SeniorAdvisor has the most comprehensive information on Senior Apartments in Idaho
Idaho is a state located in the northwestern part of the United States, and it is the 7th least densely populated of all states. The state shares its borders with British Columbia, Montana, Wyoming, Utah, Nevada, Washington and Oregon. It is a vast mountainous state that attracts many active golden agers to its cities and towns for retirement. The name Gem State was given to Idaho as almost every type of identified gemstone has been found there, and it is full of rivers, lakes, mountains and parks, as well as big cities and good medical care that make it an ideal retirement state.
Because Idaho is such a vast state, real estate costs and costs of living vary greatly. For example, houses and the cost of living in Boise city are dramatically higher than that of those found in Couer d'Alene. So your living cost will vary depending on the area in which you choose to retire. However, in general the cost of living in Idaho is about 5% lower than the national average, although sometimes income taxes can soar up to almost 8 percent.
Idaho has over 50 hospitals and medical centers throughout the state, and many of these are regionally ranked. Some of the best medical facilities found in Idaho include the Kootenai Medical Center, St. Luke's Regional Medical Center, St. Alphonsus Regional Medical Center, Portneuf Medical center and the Bear Lake Memorial Hospital. This plethora of medical options means that retirees have a strong medical sector to rely on, and a range of hospitals to choose from should something go wrong with themselves or a loved one.
There is a wide range of senior living communities throughout Idaho, and they all vary according to the area in which they are located in. For example in Sun Valley, most communities are extraordinarily pricey and cater mainly to the wealthiest of retirees, while places like Idaho Falls, are more suited to fully active, outdoorsy retirees, and the cost of living here is 7.9% below the national average. While there are many different areas to choose from in Idaho, most of the senior living communities will cater for a variety of different needs and levels of care depending on the individual. More active, fully fit retirees can take advantage of the natural delights of Idaho by living in an independent retirement community. Meanwhile, if a higher level of care is needed, there are a number of assisted living facilities throughout Idaho.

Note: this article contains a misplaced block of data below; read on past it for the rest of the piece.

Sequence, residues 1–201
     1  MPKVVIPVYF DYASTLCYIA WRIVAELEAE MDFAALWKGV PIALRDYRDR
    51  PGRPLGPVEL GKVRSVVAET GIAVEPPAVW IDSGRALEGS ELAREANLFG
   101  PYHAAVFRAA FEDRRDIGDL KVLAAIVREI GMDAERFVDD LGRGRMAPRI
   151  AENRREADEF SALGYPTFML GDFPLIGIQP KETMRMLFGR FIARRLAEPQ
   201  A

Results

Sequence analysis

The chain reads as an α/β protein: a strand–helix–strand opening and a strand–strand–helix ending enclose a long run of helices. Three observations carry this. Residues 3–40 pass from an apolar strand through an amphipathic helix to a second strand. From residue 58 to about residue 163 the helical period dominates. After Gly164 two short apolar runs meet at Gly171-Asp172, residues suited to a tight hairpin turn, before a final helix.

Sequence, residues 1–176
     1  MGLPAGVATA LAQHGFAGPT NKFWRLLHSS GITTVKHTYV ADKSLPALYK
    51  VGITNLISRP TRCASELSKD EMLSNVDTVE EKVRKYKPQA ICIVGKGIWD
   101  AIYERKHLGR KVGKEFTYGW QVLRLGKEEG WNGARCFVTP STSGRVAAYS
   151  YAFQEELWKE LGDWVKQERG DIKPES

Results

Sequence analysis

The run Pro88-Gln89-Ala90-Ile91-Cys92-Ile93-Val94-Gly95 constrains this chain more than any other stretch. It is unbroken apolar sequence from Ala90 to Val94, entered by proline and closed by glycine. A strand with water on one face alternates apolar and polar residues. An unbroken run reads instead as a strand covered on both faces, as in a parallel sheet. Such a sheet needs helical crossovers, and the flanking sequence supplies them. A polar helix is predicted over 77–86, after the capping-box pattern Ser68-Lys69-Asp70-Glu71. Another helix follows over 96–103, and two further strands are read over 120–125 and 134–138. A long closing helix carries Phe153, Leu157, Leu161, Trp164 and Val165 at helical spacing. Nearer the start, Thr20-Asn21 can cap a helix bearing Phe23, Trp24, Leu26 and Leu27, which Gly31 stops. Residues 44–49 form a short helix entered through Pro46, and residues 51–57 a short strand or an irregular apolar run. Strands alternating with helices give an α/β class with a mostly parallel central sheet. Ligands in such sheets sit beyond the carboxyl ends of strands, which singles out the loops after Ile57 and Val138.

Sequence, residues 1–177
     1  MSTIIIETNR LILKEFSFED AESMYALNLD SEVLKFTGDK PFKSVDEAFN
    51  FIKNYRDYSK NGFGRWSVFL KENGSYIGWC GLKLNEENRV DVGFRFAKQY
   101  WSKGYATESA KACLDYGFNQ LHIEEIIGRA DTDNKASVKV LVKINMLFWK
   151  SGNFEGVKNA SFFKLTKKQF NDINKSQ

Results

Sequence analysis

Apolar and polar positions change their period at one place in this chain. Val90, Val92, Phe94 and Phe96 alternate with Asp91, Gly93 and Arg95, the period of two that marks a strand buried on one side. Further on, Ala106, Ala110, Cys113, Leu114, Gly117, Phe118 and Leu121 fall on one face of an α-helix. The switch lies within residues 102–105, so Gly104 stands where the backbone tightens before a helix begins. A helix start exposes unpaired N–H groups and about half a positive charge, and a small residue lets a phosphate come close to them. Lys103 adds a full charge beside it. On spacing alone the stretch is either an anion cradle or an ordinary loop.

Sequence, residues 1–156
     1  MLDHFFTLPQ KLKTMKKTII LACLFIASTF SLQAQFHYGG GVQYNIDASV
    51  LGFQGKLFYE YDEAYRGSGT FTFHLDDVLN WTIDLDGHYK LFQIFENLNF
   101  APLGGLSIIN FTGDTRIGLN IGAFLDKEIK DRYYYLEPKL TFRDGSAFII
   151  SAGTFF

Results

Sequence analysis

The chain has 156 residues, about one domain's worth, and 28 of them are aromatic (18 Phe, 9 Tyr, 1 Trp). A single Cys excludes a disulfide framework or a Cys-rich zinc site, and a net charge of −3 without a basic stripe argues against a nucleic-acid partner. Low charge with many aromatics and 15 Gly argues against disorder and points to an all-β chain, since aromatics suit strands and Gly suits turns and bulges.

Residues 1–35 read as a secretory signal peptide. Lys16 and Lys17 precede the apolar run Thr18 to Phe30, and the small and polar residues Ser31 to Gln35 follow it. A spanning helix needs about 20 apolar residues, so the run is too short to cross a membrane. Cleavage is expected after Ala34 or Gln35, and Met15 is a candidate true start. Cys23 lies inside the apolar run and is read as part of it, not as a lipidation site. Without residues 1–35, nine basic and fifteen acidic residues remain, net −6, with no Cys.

Idaho is made up of steppe terrain, and thus this mountainous region is ideally suited to more active members of the golden ager generation. Dotted with rivers, mountains and lakes, Idaho offers an abundance of outdoor activities, such as hiking, biking, fishing, canoeing and golfing. Home to the famous Yellowstone National park, the state also has 6 national wildlife refuges, and 2 national recreation areas that retirees can get out into during their spare time. This wide array of outdoorsy options doesn't mean that Idaho is only good for nature lovers; in fact it is full of rich history and steeped in culture. Of particular significance are The Craters of The Moon National Monument, the Museum of Idaho and the Willard Performing Arts Center. The cultural riches to be found in Idaho do not pale in comparison to the amount of outdoor activities, and the fact that there is such a wide range of choice in both areas, makes it a perfect place to retire.
Idaho is one of the least populated states in the US, and this makes it a popular choice for retirees looking for some peace and quiet; however it also has huge cities, a strong economy, cultural festivals and events, historic monuments, national parks and many hundreds of different things to keep golden agers busy in their retirement years.